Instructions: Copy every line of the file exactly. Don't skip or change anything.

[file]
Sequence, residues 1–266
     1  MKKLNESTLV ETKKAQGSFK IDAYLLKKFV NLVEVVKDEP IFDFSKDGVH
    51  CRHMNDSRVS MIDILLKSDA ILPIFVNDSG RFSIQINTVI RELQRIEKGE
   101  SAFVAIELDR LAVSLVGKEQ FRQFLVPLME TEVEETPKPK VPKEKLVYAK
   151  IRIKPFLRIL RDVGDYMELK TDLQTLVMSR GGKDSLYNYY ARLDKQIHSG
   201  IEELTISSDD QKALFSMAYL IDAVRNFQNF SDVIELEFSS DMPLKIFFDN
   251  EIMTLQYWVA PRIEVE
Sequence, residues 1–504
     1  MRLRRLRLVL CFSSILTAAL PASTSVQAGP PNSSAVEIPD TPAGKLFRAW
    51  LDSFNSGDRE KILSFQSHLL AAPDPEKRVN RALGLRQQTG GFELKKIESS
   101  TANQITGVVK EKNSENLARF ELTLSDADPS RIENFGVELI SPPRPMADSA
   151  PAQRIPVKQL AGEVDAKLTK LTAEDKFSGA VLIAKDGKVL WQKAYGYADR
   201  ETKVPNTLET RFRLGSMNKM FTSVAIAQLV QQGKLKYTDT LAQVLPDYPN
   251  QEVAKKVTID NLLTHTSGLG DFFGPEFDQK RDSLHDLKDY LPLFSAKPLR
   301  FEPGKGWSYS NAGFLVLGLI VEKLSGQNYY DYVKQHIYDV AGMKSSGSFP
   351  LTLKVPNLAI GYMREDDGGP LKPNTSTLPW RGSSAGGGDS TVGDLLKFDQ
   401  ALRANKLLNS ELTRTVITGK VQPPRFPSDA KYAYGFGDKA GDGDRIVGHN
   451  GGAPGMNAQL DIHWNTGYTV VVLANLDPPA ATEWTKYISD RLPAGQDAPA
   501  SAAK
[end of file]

Sequence, residues 1–266
     1  MKKLNESTLV ETKKAQGSFK IDAYLLKKFV NLVEVVKDEP IFDFSKDGVH
    51  CRHMNDSRVS MIDILLKSDA ILPIFVNDSG RFSIQINTVI RELQRIEKGE
   101  SAFVAIELDR LAVSLVGKEQ FRQFLVPLME TEVEETPKPK VPKEKLVYAK
   151  IRIKPFLRIL RDVGDYMELK TDLQTLVMSR GGKDSLYNYY ARLDKQIHSG
   201  IEELTISSDD QKALFSMAYL IDAVRNFQNF SDVIELEFSS DMPLKIFFDN
   251  EIMTLQYWVA PRIEVE
Sequence, residues 1–504
     1  MRLRRLRLVL CFSSILTAAL PASTSVQAGP PNSSAVEIPD TPAGKLFRAW
    51  LDSFNSGDRE KILSFQSHLL AAPDPEKRVN RALGLRQQTG GFELKKIESS
   101  TANQITGVVK EKNSENLARF ELTLSDADPS RIENFGVELI SPPRPMADSA
   151  PAQRIPVKQL AGEVDAKLTK LTAEDKFSGA VLIAKDGKVL WQKAYGYADR
   201  ETKVPNTLET RFRLGSMNKM FTSVAIAQLV QQGKLKYTDT LAQVLPDYPN
   251  QEVAKKVTID NLLTHTSGLG DFFGPEFDQK RDSLHDLKDY LPLFSAKPLR
   301  FEPGKGWSYS NAGFLVLGLI VEKLSGQNYY DYVKQHIYDV AGMKSSGSFP
   351  LTLKVPNLAI GYMREDDGGP LKPNTSTLPW RGSSAGGGDS TVGDLLKFDQ
   401  ALRANKLLNS ELTRTVITGK VQPPRFPSDA KYAYGFGDKA GDGDRIVGHN
   451  GGAPGMNAQL DIHWNTGYTV VVLANLDPPA ATEWTKYISD RLPAGQDAPA
   501  SAAK